Are you ready for ragweed season?
Sept. 3, 2019—You're sniffling and sneezing. Your eyes are irritated. Your throat is itchy. And you have a runny nose. This time of year, you may be thinking the culprit is a cold. But your misery may have another source: ragweed pollen.
All 17 species of ragweed plants spew out powdery pollen in the fall. It's one of the most common causes of fall allergies.
And there's more you can do about it than reach for more tissues. To start, you might want to get in touch with your doctor. If you do have a ragweed allergy, your doctor can confirm that and suggest ways to tame your symptoms.
Sneeze less, enjoy more
A key way to feel like yourself again if you are allergic to ragweed is to avoid its pollen as much as possible. That isn't always easy, though, since a single ragweed plant can release 1 million grains of pollen into the air in just one day. Even so, some simple steps can help:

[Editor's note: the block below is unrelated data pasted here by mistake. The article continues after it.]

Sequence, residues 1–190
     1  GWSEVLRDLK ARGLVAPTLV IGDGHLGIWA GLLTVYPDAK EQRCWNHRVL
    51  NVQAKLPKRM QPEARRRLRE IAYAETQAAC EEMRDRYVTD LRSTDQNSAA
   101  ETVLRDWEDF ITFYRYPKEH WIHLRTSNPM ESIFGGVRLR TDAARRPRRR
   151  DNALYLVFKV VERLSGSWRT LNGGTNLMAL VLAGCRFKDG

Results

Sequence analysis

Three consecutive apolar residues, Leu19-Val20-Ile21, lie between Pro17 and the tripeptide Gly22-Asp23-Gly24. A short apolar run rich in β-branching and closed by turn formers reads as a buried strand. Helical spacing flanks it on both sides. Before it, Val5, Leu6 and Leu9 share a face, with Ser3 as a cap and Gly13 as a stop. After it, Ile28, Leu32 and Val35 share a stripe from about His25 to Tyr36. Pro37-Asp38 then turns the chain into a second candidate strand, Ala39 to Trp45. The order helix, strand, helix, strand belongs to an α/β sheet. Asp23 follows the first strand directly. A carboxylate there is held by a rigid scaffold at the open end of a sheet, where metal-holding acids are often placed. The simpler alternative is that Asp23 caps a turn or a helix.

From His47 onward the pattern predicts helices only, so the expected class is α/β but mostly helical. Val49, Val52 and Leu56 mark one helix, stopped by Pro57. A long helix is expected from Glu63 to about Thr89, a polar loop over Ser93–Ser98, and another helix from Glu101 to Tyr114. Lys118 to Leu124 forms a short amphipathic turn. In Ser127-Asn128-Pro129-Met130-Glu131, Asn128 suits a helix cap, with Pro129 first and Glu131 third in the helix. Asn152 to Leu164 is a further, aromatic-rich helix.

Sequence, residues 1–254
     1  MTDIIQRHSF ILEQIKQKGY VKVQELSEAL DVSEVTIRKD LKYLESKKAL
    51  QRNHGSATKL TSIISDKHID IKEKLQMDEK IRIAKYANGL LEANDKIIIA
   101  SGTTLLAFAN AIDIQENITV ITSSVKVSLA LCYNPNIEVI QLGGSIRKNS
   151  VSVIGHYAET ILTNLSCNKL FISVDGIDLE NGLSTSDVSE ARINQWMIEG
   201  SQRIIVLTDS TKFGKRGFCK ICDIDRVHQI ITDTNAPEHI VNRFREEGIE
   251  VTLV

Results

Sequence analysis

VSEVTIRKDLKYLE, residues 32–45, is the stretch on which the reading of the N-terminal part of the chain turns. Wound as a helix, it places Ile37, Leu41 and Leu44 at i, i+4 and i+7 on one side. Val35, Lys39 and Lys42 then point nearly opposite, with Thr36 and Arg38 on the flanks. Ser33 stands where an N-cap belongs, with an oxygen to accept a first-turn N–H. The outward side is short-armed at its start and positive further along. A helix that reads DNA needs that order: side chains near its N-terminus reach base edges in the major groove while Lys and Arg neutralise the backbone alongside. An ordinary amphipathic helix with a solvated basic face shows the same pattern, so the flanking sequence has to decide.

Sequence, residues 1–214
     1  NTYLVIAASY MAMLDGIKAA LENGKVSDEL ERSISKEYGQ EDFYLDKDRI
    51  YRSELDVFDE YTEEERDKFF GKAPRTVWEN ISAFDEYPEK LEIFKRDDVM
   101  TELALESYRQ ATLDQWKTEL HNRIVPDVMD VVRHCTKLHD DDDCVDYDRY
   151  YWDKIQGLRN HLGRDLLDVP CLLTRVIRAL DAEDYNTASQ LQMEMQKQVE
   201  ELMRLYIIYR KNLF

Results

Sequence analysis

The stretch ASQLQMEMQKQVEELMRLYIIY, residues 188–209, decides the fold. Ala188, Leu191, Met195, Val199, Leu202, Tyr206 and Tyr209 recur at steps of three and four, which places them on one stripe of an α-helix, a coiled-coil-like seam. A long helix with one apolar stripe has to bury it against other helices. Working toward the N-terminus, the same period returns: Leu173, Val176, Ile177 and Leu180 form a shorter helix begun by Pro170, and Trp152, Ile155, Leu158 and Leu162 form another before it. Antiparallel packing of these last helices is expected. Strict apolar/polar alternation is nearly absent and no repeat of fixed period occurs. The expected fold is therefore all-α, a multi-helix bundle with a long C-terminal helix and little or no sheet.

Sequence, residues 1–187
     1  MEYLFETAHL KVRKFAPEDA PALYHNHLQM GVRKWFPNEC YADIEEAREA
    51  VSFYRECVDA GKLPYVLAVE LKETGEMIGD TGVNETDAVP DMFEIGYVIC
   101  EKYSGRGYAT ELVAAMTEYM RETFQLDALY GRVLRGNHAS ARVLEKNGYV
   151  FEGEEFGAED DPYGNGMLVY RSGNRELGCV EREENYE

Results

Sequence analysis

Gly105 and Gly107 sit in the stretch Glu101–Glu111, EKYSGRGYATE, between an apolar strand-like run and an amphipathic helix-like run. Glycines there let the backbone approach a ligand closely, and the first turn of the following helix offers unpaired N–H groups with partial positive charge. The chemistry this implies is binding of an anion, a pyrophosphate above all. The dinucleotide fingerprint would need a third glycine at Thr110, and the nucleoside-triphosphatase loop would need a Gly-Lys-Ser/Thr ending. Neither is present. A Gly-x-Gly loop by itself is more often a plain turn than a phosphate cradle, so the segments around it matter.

- Try to avoid going outside in the morning, especially on windy days. Ragweed pollen levels are highest in the morning. Windy days can also stir up pollen and make your symptoms worse.
- Shut your windows—both at home and in your car. That way pollen won't blow in.
- Don't track pollen into your home. Leave your shoes at the front door. Shower off and put on fresh clothes if you've been outside for a long stretch of time.
- Wash your hands after petting an animal that's been outside. Their fur is a pollen trap.
- Cover up. Wear an allergy mask to filter out pollen when mowing the yard or doing other outdoor chores.
- Keep tabs on pollen counts. Many weather reports and websites include them. Limit your time outdoors when ragweed counts are high.
- Ask your doctor about taking antihistamines and other allergy medicines that might ease your symptoms. If you do take them, stick with them until about two weeks after ragweed pollen disappears, advises the American College of Allergy, Asthma & Immunology.
For long-term relief from severe symptoms, you might also ask your doctor about allergy shots.